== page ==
On The Incarnation (2:9) Christ the Conqueror

The Word perceived that corruption could not be got rid of otherwise than through death; yet He Himself, as the Word, being immortal and the Father’s Son, was such as could not die. For this reason, therefore, He assumed a body capable of death, in order that it, through belonging to the Word Who is above all, might become in dying a sufficient exchange for all, and, itself remaining incorruptible through His indwelling, might thereafter put an end to corruption for all others as well, by the grace of the resurrection. It was by surrendering to death the body which He had taken, as an offering and sacrifice free from every stain, that He forthwith abolished death for His human brethren by the offering of the equivalent. For naturally, since the Word of God was above all, when He offered His own temple and bodily instrument as a substitute for the life of all, He fulfilled in death all that was required.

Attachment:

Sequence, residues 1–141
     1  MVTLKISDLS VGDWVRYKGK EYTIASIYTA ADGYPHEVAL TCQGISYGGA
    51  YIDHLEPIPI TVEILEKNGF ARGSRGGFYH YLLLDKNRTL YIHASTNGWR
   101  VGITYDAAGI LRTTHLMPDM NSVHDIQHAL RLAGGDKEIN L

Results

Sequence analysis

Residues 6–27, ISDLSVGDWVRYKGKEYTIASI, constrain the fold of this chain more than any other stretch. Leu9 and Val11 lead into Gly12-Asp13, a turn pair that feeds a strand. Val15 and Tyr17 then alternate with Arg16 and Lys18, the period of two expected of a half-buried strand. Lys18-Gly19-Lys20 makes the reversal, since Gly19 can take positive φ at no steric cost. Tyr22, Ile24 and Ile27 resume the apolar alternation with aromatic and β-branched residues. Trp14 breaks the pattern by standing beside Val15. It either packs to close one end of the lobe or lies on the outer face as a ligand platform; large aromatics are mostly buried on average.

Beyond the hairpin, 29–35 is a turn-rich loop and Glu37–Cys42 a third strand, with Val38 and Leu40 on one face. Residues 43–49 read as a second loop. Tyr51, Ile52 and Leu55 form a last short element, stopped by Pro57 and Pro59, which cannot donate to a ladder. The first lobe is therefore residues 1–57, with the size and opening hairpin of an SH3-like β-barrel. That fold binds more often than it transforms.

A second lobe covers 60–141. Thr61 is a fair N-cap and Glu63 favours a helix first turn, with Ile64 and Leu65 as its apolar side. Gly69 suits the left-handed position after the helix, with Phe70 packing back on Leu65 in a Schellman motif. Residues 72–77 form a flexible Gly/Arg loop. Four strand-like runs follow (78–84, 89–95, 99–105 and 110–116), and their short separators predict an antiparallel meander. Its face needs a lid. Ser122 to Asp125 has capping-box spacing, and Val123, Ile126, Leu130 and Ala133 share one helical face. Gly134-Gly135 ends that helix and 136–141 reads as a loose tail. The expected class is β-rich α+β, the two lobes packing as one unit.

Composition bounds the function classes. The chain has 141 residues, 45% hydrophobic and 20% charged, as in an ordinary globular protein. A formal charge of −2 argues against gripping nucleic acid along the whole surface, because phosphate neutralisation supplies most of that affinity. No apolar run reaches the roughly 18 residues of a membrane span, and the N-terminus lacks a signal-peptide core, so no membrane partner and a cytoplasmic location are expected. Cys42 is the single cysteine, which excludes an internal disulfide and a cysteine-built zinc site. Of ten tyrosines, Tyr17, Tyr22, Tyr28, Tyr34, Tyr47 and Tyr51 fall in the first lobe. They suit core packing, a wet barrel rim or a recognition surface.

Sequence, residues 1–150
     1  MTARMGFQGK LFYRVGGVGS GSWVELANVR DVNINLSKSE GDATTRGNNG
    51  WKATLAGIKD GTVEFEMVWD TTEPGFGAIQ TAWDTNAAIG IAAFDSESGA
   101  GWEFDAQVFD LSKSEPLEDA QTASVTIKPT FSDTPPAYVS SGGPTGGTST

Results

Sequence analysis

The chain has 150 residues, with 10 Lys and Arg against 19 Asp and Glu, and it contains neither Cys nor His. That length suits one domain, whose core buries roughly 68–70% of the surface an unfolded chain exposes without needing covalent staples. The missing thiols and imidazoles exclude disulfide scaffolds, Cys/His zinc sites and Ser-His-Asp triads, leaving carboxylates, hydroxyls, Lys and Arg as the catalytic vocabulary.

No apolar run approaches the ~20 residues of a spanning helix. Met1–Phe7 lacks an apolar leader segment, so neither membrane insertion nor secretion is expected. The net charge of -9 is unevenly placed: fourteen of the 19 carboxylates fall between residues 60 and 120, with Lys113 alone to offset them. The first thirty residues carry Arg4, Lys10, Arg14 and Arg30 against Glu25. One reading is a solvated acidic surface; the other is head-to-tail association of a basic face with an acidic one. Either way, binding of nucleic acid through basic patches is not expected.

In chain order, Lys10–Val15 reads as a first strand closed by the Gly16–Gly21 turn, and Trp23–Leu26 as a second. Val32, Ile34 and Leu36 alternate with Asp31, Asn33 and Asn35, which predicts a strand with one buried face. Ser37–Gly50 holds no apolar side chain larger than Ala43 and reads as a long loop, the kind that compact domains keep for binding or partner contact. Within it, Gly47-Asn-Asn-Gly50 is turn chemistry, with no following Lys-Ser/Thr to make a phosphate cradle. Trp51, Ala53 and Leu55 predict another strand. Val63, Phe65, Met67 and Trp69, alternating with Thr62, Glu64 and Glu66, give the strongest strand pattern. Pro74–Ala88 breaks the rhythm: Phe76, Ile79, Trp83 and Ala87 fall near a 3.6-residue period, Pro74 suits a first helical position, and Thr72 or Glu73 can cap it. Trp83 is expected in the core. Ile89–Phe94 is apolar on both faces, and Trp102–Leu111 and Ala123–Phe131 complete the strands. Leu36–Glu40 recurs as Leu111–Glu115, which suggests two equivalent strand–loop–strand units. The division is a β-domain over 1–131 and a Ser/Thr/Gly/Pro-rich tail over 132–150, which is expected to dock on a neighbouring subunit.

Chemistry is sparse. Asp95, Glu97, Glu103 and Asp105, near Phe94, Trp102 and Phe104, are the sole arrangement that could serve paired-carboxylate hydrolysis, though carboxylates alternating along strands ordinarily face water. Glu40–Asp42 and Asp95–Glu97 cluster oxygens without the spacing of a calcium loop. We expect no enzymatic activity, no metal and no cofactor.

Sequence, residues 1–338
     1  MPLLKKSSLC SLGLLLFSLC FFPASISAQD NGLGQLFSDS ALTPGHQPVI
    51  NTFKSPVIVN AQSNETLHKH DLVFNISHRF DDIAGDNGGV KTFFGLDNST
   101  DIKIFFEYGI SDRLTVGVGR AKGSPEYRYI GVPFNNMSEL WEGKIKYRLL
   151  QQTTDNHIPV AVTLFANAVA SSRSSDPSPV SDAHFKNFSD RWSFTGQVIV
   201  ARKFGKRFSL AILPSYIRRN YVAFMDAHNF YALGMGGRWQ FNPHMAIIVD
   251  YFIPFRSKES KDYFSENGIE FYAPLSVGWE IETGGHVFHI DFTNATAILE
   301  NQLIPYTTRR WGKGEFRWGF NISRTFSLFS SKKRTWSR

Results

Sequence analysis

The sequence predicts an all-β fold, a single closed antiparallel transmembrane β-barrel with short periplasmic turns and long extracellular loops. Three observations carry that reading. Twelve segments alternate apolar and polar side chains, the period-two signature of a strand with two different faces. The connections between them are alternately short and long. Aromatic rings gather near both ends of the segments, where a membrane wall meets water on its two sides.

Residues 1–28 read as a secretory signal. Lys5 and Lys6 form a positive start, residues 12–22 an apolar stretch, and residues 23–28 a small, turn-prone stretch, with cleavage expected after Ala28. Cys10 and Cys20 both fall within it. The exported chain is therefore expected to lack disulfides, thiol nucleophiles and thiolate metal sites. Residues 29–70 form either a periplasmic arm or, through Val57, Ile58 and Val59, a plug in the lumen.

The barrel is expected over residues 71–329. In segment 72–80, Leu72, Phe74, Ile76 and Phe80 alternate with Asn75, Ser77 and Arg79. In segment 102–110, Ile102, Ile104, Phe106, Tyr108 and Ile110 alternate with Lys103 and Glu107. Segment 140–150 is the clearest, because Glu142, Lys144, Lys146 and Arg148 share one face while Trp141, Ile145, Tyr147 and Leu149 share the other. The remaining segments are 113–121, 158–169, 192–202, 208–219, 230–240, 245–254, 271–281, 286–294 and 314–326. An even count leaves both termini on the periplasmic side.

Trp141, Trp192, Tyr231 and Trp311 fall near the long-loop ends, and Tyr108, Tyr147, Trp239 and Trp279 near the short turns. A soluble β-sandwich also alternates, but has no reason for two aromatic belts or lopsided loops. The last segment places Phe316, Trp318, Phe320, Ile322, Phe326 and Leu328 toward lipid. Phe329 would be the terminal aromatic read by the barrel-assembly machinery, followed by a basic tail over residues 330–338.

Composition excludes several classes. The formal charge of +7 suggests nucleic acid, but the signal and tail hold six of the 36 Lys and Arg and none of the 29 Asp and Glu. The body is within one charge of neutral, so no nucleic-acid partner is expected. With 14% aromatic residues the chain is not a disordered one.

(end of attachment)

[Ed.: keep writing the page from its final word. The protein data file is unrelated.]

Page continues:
Ours is a despairing age. In the last century, which began with such lofty dreams of progress, we have seen more carnage and bloodshed than all of the previous centuries combined. As we have advanced in technological capacities, our moral capacities have not inched forward at all. To look back at our world wars and not despair of our species progressing is impossible. The more we advance intellectually, the more we seem to regress spiritually. Now that we live in a comfortable age of cars, coffee makers, microwaves, fast food and the internet, we find ourselves becoming lazier. Where our sires may have spent their evenings reading, thinking and conversing around a roaring flame, we stare absentmindedly into a flickering screen that thinks and dreams for us. Apart from our screens, we are mindless. Our skittering thoughts flit from surface to surface, unable to penetrate into deeper spaces. For all our advances in communication, we find we have nothing to say. For all our advances in creature-comforts, we find ourselves enslaved in velvet cages. However we advance, we also go backwards. This is our corruption. We have only to look at congress to see that when we come together, we get nothing accomplished. To put our faith in humanity is madness. But now we have a choice, to lose faith entirely or to put our faith in something higher and truer.